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Will the NHTSA Specification be a Killer for Surround-View Cameras?

Wellingborough, UK – 22nd August 2011. While the “Kids & Transportation Safety Act” in the US is stirring-up much excitement for automotive rear-view camera suppliers, it is stirring-up much anxiety for surround-view camera suppliers. This is because, as it stands, surround-view is not allowed as an alternative to a “traditional” rear-view camera according to the current technical specification.

The “Kids & Transportation Safety Act” was passed in February 2008 to prevent accidents while reversing, prompted by consistently high numbers of fatal accidents involving young children. The National Highway Traffic Administration (NHTSA) published a technical specification in December 2010 that proposed a camera-based system for all passenger cars, trucks and multi-purpose vehicles to aid when reversing. This would mean an increase of approximately 12 million rear-view cameras in just the US.

The crunch here is that the current proposal does not allow functions such as surround-view to be used as an alternative to the “traditional” rear-view camera. Being excluded from the US market would be a devastating blow for suppliers of surround-view systems, not only is the US the third largest market in the world, more importantly it is the largest market for SUVs and crossovers, which are the type of vehicle most suited to surround-view. For large SUVs and crossovers, the potential world market for 2011 would equate to almost 11 million surround-view cameras. This is because each vehicle requires a minimum of two cameras; but on average has four, and in some cases, five cameras.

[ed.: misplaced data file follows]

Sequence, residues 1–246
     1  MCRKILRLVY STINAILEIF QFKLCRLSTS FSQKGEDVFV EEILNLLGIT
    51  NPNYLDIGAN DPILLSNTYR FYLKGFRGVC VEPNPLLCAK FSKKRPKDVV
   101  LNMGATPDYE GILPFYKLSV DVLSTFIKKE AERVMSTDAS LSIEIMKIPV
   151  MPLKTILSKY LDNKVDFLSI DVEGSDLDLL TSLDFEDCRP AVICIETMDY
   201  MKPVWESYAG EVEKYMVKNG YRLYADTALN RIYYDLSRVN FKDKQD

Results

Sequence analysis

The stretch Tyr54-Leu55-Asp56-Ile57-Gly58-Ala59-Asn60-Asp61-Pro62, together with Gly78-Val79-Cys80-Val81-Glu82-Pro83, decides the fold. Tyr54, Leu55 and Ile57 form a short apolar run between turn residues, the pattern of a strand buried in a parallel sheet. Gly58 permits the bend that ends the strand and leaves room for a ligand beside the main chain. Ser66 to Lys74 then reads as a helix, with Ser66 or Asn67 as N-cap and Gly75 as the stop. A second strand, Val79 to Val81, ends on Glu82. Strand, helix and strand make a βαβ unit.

A ray of hope still lingers though, as the nature of comments received in the 60-day feedback period following the NHTSA proposal has prompted the U.S. Department of Transportation to postpone the final ruling and ask the NHTSA to carry out further tests and review the specification. “Having read through the technical specification and the comments made regarding it, it would be very surprising if the NHTSA did not change its current position and allow surround-view,” says Helena Perslow, senior market analyst at IMS Research <http://www.imsresearch.com> . She continues, “Looking at previous legislation, the NHTSA is quite responsive to comments that it receives, although in some instances fairly drastic action has been required – legal action has been taken against the NHTSA to change its position. Hopefully this won’t be the case here, but regardless it will cause the uncertainty to drag on.”

A final rule is due to be published by 31st December 2011, with full compliance to the final recommendation set for February 2015. IMS Research assumes the NHTSA will change the specification and forecasts that the surround-view camera market will be worth over $1bn in 2019.